No Party Preference (NPP) and American Independent (AI) voters in California are likely going to be confused when their ballot arrives for the March 2020 presidential primary as they will have no option for president.
The same issue arose in the 2016 presidential primary for Bernie Sanders supporters, which set off a firestorm of controversy.
Now, 4 years later, the state is offering a band-aid "solution" that increases communication to NPP voters, but doesn't change their ability to vote for a candidate, unless they request a Democrat party ballot. The Republican party does not currently allow NPP "crossover" votes.
Sacramento County Registrar of Voters Courtney Bailey joined the IVN podcast to discuss the effort to educate NPP voters.
Bailey has 234,196 NPP and American Independent voters in her county which makes up roughly 30% of her electorate, so you can see the enormous education effort that will be needed.
"As an election official I'm concerned with making sure all the voters understand what their options are for a presidential primary election," Bailey said, "our work is to try to avoid as much confusion as possible and reach out to those voters who aren't registered with a political party, to make sure they know they have options."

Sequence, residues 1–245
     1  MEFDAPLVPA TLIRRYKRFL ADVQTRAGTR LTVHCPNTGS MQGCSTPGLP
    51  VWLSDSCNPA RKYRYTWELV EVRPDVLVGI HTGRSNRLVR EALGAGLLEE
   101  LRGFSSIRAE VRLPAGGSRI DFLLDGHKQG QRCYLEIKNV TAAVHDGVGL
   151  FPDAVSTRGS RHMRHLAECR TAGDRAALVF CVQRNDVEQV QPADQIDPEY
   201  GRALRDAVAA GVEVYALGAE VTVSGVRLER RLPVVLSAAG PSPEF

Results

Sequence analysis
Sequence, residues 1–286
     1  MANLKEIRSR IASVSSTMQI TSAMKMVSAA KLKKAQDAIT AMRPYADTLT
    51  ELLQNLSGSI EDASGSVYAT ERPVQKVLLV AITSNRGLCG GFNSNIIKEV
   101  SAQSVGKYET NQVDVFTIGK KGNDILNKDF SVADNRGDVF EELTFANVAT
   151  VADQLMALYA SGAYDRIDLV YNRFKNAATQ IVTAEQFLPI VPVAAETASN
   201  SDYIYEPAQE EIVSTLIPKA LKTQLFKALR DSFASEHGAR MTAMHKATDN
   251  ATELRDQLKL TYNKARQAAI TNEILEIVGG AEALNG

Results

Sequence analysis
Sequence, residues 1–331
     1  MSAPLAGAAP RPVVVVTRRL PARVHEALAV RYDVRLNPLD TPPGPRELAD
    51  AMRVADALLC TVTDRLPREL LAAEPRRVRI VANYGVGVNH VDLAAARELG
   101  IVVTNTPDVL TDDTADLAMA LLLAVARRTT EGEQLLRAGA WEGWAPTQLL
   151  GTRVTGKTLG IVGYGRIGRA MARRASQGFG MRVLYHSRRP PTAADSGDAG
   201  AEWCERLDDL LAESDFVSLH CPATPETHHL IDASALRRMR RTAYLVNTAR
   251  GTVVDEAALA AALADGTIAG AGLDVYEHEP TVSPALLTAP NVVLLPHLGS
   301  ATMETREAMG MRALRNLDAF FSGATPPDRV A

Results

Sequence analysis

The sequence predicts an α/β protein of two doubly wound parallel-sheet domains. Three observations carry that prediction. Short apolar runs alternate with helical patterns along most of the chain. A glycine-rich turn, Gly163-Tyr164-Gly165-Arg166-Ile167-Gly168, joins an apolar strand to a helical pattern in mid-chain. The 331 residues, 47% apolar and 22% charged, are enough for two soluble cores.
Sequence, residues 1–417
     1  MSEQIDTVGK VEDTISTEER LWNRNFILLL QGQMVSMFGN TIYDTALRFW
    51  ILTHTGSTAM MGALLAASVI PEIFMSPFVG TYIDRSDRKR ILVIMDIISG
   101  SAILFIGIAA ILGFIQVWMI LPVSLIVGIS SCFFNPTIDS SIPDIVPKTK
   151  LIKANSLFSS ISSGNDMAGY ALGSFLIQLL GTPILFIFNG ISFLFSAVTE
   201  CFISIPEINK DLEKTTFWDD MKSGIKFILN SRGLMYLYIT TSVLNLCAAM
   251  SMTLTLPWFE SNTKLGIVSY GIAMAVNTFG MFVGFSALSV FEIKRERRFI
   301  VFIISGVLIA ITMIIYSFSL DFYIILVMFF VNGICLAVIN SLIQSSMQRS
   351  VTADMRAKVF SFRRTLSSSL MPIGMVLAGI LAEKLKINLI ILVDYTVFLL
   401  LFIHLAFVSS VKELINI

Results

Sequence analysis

"Our message for NPP voters is to ensure they know what their options are when the time comes to request a ballot so they can vote for the presidential nominees, if that party allows them too. And that's something that we're working on the messaging that this is something that the parties choose whether they want to allow those that aren't registered with their party to vote for their nominee."
What Bailey is referring to is California's current semi-closed primary election system, a violation of the states constitution.
The Independent Voter Project believes and has offered legislation to fix this issue, and open the primary so voters can select any presidential nominee they would like. Indeed, the group views this as a civil rights issue for the 5.6 million NPP voters across California, the states 2nd largest bloc of voters.
Listen to the full podcast here